Beer has existed for pretty much so long as wine has nevertheless the evolutionary changes of the beer world has caused a shift in the drinking habits of the most popular beer drinker. Macro brewed adjunct lagers have dominated the beer industry for fifty years but times are changing for the mass conglomerate beer industry with the mainstream movement of craft beer.
Craft beer is brewed by craft brewers. These microbreweries produce small, independent, and traditional beer. Small describes six million barrels of beer or less. Independent describes 25% or less of the craft brewery is owned or controlled by someone who is not just a brewer themselves. Traditional describes having an all malt flag ship beer or 50% of it’s volume through all malt beers or beers that use adjuncts to improve the flavor of their product rather than for cheaper ingredients.
While the conventional adjunct lager, Anusher Bush and Coors comes to mind, are available in pretty much any bar across the country, the brand new standard for bars are beer bars. Beer bars specialize in craft beer produced throughout the United States along with exceptional beer from throughout the world. In a good beer bar you’ll find little to no macro brewery beer whatsoever birra artigianale. What beer a beer bar carries however is set by the distribution of beer from a brewery. Here’s where things get complicated.
Macro brewery beer is distributed across the entire United States. This is actually the reason so lots of people still drink light fizzy adjunct lagers or lite beer over craft beer. Craft breweries are limited by distribution in relation to several factors. The distribution company that handles where in fact the beer goes may only allocate a brewery’s beer to a specific number of states; either because of the amount of beer that is produced or the size of the distribution company. Sometimes it has regarding the brewery themselves. A lot of breweries start off as brew pubs. A brew pub is really a place where one can enjoy food and beer. Most of the beer made by brew pubs are just on draft or available in growlers; making distribution of one’s beer harder ahead by. The primary reason a brewery might have limited distribution is supply and demand.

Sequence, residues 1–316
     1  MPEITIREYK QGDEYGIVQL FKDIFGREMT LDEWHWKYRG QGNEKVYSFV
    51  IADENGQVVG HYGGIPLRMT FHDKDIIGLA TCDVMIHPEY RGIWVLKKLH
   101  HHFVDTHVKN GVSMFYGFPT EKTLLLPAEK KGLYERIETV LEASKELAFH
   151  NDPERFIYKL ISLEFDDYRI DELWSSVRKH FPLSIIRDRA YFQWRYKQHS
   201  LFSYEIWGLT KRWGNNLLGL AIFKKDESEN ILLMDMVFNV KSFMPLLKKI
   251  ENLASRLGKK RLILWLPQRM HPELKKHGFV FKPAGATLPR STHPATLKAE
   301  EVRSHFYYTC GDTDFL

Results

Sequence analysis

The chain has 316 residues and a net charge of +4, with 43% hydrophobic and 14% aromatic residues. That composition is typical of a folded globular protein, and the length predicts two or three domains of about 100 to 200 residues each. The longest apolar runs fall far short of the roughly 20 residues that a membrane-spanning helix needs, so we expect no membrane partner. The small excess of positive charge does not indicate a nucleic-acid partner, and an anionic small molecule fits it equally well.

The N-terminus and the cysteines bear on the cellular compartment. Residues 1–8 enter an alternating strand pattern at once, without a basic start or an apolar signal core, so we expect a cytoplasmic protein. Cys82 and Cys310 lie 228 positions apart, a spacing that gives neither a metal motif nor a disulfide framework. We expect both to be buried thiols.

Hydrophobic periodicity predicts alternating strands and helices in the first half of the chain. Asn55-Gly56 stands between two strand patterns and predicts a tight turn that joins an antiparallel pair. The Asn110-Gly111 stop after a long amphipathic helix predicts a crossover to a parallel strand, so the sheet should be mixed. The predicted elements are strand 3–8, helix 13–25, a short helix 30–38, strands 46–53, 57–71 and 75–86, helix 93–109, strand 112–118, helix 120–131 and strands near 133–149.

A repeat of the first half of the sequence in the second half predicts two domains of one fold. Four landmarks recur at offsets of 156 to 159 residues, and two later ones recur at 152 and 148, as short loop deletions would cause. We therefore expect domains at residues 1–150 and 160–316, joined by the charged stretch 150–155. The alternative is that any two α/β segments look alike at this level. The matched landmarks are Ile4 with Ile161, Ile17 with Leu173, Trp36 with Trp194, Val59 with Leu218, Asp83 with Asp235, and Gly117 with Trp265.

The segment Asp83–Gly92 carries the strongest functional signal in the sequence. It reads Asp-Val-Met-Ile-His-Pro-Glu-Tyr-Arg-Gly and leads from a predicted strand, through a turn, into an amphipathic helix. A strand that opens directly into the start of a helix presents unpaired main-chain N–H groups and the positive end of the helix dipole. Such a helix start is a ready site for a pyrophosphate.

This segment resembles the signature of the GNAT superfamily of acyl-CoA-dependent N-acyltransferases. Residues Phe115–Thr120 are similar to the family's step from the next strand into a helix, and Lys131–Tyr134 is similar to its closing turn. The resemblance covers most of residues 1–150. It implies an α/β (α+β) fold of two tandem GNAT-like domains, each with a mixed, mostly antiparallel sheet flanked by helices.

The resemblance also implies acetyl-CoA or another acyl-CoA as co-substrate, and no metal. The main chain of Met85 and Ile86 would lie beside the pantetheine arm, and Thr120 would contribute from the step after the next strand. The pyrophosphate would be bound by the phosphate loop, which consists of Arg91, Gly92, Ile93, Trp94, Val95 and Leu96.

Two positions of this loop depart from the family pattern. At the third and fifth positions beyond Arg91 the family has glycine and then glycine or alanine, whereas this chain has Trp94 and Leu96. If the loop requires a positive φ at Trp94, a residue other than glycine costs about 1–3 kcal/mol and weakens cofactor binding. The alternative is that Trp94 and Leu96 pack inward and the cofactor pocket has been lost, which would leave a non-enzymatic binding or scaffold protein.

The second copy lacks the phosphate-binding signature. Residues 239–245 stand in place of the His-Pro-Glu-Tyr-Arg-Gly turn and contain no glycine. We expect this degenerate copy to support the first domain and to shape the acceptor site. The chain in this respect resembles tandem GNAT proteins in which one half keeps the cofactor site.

With so many craft breweries breaking into the beer industry market share, name recognition, and brand loyalty are the main factors to establishing a brewery and keeping it going. If you’re a brand new brewery that has just started up then you want to take as much states as possible. The more individuals who see your beer will endeavour your beer and in turn return to get more of one’s beer. Over time people will recognize your logo, the beers you produce, and will quickly share your beer with people they know. This is actually the three-step process to creating a brewery’s beer stay available on the market and gain a following.
There are however repercussions that come from wanting to dominate market share in multiple states and developing a breweries brands. This comes home to supply and demand. Many breweries in 2011 are facing the issue of supply and have begun to take out of states across the country. All these breweries started small, broke into tons of markets, developed their term for making great craft beer, and now the demand because of their beer exceeds the quantity which can be produced. For several breweries they can’t make enough beer to keep on the shelves, no matter quality. For a lot more the product quality would drop in order to maintain the demands and that’s something all craft breweries won’t sacrifice.